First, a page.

A lot of people still have a tough time to accept video-based learning as an effective and engaging learning tool. We have seen many myths in the learning and development industry and using video-based learning is no exception. The most common myths are; video-based learning is too costly, too complicated, and abusive to classrooms and workplaces. Yet, any of these myths is not necessarily true. Most of us love watching videos. Around 1 billion hours of videos are seen daily on YouTube. Watching online videos either at home or workplace or classroom, can be informative, engaging, emotional, entertaining and inspiring at the same time. And as many businesses have recognized, video-based learning can also lead to better employee engagement at the workplace. It’s like using the YouTube Model and adapting it to the company’s training and development needs, so that employees learn at work the way they learn naturally outside the workplace.
The Video-based Learning Scenario
Since last decade, the online video-based learning has boomed to an impressive extent. From how to tie a shoe lace perfectly to create complex charts in the Excel spreadsheet, you will find the video of the same on the YouTube and other video streaming platforms. YouTube has more than 135 million “how-to” video tutorials. After Google, YouTube has become the world’s second biggest search-engine, which clearly shows how video has become a concrete part of our everyday learning.
An increasing number of people are embracing it, as can be seen through a rapid growth in the use of platforms like Lynda and Udemy. The research conducted by Towards Maturity states that around 70% of the businesses around the world are using best practice videos as a part of their blending learning approach. However, many people in online learning and development community, still question video-based learning, cite issues related to the technology, pedagogy and the costs involved. Based on our research reading various articles that raise questions on video-based learning and opinions of the businesses who are using it more, we have discovered the following most common myths around video-based learning.
Myth No.1: Video-based learning is passive & replacing teachers & trainers
Hardly. The video-based learning doesn’t intend to replace instructors, trainers and teachers, but seeks to offer a more powerful, engaging and interesting tool to enhance learning experience. Videos are powerful media form that help learners grasp content and ideas by letting them interact with tricky and complex concepts that would otherwise seem abstract.
Secondly, video-based learning is not necessarily passive as the active learning is ensured via range of content styles provision including animation, virtual environments, and interactive videos. By requiring the learners to engage through knowledge checks, scenario-based video learning and drag and drop tests, video learning is no more a passive learning.
Myth No. 2: Video-based Learning is Expensive
It doesn’t have to be. For instance, the cost of joining a pilot scheme like Clear Lessons begins at only £5k for 1,000 employees, with complete access to over 500 leadership videos. It’s a pretty good and economical deal. Moreover, the equipment is now far more accessible as well as the editing software. Video editing tools such as iMovie, Instagram, or Vine, are very easy to use and these are all free of cost. You can even use live broadcasting via Periscope that is available for mobile devices. For the bespoke content generation, there are now thousands of global content developers who offer businesses with the bespoke video-based learning content for the same cost of production as the graphics/text content.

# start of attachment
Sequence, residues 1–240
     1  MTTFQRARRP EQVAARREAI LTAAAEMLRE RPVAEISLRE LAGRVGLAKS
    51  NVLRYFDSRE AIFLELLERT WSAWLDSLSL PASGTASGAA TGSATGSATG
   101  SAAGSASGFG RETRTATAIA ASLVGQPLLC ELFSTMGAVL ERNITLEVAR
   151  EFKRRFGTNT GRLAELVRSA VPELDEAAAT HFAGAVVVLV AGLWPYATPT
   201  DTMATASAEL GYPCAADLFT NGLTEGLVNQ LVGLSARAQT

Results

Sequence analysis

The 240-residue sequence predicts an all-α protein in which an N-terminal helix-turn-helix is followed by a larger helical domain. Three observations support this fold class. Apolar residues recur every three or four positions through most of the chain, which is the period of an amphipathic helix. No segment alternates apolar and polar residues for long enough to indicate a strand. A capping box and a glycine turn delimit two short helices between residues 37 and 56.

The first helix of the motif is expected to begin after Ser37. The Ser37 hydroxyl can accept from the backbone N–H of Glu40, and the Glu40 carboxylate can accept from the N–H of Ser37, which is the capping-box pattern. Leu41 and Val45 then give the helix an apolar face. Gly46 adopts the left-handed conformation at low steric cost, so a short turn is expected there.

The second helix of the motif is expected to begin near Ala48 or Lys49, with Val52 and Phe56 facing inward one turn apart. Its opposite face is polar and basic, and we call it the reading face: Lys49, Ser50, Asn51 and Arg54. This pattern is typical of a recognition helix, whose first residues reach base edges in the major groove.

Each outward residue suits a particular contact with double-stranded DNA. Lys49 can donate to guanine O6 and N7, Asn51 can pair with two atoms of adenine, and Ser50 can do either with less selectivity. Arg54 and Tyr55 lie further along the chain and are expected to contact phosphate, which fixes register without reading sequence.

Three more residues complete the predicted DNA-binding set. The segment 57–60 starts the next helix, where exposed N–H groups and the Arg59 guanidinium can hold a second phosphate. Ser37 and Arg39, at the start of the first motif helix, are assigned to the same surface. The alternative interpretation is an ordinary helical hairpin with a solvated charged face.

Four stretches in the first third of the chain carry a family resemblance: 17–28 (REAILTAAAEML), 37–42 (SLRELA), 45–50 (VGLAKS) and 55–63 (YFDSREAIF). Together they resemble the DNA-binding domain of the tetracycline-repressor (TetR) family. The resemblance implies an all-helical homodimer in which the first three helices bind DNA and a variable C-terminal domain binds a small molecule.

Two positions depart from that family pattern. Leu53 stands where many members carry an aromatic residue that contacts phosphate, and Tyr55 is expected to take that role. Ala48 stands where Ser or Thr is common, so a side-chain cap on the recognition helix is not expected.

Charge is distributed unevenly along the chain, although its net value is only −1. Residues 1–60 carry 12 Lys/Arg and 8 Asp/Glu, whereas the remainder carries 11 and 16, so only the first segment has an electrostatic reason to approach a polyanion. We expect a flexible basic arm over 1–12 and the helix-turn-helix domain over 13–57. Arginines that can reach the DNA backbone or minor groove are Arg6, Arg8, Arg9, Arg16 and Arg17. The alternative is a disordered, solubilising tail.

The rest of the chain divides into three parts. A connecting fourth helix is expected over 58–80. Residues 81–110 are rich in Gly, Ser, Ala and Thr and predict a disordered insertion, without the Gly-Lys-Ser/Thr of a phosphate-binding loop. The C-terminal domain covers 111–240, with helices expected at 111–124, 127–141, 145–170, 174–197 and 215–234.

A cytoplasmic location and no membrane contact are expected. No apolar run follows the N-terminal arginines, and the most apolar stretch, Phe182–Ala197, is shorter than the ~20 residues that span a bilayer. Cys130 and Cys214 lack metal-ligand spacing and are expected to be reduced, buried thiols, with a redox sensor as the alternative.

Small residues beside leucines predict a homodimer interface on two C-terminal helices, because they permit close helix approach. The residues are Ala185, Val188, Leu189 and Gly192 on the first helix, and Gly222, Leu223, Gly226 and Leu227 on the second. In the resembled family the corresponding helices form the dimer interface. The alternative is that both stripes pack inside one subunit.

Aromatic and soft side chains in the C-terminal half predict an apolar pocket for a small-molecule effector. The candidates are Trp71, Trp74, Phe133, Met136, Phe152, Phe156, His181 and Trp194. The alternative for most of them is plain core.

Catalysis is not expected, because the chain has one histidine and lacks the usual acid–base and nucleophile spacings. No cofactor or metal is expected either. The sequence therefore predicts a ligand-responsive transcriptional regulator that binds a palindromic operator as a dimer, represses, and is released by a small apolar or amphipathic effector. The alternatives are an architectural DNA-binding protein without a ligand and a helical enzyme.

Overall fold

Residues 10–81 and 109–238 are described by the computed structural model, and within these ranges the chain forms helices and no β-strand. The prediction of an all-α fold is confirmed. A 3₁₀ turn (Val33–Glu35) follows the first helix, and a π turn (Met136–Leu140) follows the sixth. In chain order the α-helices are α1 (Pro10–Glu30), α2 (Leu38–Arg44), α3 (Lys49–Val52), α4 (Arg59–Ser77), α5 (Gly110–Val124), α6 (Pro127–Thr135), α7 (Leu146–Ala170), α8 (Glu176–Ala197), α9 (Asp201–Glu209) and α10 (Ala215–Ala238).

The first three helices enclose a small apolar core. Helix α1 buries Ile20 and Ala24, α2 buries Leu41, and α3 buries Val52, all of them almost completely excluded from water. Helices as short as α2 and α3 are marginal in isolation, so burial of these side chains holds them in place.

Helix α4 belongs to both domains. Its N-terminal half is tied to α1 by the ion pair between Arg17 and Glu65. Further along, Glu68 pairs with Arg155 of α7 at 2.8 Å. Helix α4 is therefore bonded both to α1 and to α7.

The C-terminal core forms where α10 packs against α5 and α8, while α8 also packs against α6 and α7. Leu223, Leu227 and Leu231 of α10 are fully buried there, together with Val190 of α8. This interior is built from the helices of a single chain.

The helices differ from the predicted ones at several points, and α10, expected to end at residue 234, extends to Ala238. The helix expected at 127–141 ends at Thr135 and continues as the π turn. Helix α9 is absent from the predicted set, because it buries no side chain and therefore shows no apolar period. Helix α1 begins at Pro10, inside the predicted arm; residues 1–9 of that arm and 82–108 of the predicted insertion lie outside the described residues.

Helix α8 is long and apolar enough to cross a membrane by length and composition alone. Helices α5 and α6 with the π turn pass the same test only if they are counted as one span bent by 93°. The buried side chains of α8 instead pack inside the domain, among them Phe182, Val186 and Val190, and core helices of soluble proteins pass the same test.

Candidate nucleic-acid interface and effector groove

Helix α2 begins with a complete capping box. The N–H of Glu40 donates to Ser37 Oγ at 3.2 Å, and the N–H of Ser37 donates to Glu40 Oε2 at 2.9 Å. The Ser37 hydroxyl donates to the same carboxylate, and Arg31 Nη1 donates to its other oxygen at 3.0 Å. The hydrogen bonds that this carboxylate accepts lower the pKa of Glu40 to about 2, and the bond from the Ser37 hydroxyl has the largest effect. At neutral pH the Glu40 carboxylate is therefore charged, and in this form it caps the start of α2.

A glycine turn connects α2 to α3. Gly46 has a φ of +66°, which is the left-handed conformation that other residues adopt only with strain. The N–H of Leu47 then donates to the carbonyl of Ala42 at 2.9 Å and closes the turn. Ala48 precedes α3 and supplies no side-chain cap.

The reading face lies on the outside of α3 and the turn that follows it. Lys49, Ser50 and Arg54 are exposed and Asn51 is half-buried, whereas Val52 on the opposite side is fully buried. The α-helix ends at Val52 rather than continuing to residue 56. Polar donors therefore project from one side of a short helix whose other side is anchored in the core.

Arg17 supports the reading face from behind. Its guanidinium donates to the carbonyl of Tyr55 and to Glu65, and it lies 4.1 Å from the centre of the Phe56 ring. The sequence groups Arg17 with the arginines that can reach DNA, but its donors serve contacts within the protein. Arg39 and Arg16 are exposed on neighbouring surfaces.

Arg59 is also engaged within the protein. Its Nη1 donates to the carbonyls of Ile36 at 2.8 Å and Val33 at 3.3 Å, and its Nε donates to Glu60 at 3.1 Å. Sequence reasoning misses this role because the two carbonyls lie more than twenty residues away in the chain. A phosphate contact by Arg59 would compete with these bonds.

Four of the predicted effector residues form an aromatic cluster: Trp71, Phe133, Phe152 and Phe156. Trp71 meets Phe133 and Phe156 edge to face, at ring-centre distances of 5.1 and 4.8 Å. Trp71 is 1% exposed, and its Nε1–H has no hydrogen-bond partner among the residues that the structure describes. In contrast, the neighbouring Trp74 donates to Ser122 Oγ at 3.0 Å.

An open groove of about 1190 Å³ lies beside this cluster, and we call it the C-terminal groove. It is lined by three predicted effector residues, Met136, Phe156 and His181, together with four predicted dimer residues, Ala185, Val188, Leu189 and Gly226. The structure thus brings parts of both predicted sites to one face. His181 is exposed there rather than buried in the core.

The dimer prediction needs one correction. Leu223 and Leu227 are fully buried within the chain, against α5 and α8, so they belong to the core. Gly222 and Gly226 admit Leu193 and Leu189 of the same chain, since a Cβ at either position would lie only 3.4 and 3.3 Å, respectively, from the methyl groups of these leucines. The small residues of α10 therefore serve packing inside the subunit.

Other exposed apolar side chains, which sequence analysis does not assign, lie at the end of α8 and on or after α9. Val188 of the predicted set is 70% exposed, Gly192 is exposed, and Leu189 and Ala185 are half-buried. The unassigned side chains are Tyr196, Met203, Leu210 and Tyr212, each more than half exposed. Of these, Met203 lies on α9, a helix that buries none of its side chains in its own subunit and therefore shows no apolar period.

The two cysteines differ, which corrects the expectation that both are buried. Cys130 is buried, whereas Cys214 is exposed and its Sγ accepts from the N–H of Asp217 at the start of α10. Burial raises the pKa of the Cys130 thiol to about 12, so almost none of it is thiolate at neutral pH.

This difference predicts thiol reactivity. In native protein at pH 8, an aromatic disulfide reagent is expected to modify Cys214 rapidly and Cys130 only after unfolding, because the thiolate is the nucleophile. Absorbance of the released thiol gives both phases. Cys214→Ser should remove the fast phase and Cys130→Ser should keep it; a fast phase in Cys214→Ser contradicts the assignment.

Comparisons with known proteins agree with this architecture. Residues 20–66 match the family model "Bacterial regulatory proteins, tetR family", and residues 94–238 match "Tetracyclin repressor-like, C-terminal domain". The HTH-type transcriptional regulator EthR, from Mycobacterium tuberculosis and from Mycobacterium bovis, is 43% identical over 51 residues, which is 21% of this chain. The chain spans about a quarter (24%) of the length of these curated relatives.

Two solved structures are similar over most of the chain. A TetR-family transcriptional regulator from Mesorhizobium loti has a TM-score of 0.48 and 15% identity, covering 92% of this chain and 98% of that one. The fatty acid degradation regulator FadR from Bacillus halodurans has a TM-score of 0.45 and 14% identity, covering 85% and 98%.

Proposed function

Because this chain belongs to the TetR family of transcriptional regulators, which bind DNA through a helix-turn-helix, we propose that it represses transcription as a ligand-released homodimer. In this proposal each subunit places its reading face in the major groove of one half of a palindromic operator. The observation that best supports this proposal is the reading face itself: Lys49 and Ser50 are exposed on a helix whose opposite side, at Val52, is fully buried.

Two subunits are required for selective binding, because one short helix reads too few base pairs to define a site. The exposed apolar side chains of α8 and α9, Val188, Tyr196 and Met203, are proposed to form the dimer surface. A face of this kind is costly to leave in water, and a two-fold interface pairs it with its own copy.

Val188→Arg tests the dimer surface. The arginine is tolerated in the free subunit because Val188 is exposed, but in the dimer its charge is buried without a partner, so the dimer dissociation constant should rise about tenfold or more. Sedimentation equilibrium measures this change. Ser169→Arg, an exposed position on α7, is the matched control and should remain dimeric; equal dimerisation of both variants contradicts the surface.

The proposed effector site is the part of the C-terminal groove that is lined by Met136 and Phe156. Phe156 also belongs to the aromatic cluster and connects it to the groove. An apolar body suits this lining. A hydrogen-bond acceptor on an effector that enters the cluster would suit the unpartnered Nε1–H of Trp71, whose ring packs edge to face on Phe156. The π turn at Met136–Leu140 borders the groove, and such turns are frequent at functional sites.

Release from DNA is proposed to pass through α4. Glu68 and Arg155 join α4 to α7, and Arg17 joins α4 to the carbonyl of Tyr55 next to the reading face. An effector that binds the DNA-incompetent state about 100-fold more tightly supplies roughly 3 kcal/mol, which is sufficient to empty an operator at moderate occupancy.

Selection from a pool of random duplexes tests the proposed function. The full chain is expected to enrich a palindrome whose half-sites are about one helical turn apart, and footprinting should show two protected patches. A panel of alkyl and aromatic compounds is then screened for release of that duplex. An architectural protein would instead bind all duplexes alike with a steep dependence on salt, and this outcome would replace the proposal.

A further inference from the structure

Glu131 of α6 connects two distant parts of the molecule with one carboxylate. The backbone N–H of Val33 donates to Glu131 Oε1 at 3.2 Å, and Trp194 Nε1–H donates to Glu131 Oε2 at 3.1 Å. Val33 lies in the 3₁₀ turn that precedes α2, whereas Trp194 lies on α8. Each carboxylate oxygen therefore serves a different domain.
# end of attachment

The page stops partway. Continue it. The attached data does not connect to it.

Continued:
Myth No. 3: Video-based Learning is Complicated
It is not. Ask any video supplier or developer about the customer service. All video content developers offer on-going technical support to help their corporate clients embed effective, free-of-bugs, and uninterrupted video-based learning into a company culture. Moreover, videos are so common that most of us can easily troubleshoot the basic problems.
Myth No. 4: Video-based Learning is not Personalized learning
This myth is in terms of learning pace. Critics say that different people have different learning pace, but one cannot control the pace of the video-based learning. It could have been true if there are no Stop, Pause, & Rewind buttons. One can go back to certain points in the videos and replay repeatedly till full understanding is gained.
As per one of the research conducted, it was revealed that 90% of the information grasped by brain is visual, while visuals are processed by brain 60,000 times faster than the text. Also, Forrester’s Reports states that a minute of video is worth 1.8 million words.
Myth No. 5: Video-based Learning Can be Misused
Many organizations think that using video-based learning would encourage people to watch videos all day. This hardly happens. Conversely, getting employees to engage with eLearning and take responsibility for their training and development, is a greater challenge. Providing learning in video format employees preferred, is a good start, especially if they can easily access the content via their mobile devices. Keep videos brief and succinct, not more than 3 minutes long, to help employees solve challenges within workflows. And surely, you should trust your employees.
Surely, interactive video-based learning content is not suitable for every learning environment. However, many barriers that were previously existing to using it no longer exit as the economic and technological advancement has helped organizations to better transform the content and use it. Most of the workplaces have already integrated video-based learning in their online learning strategy, recognizing a new world rising characterized by multi-device, bite-size video-based learning.
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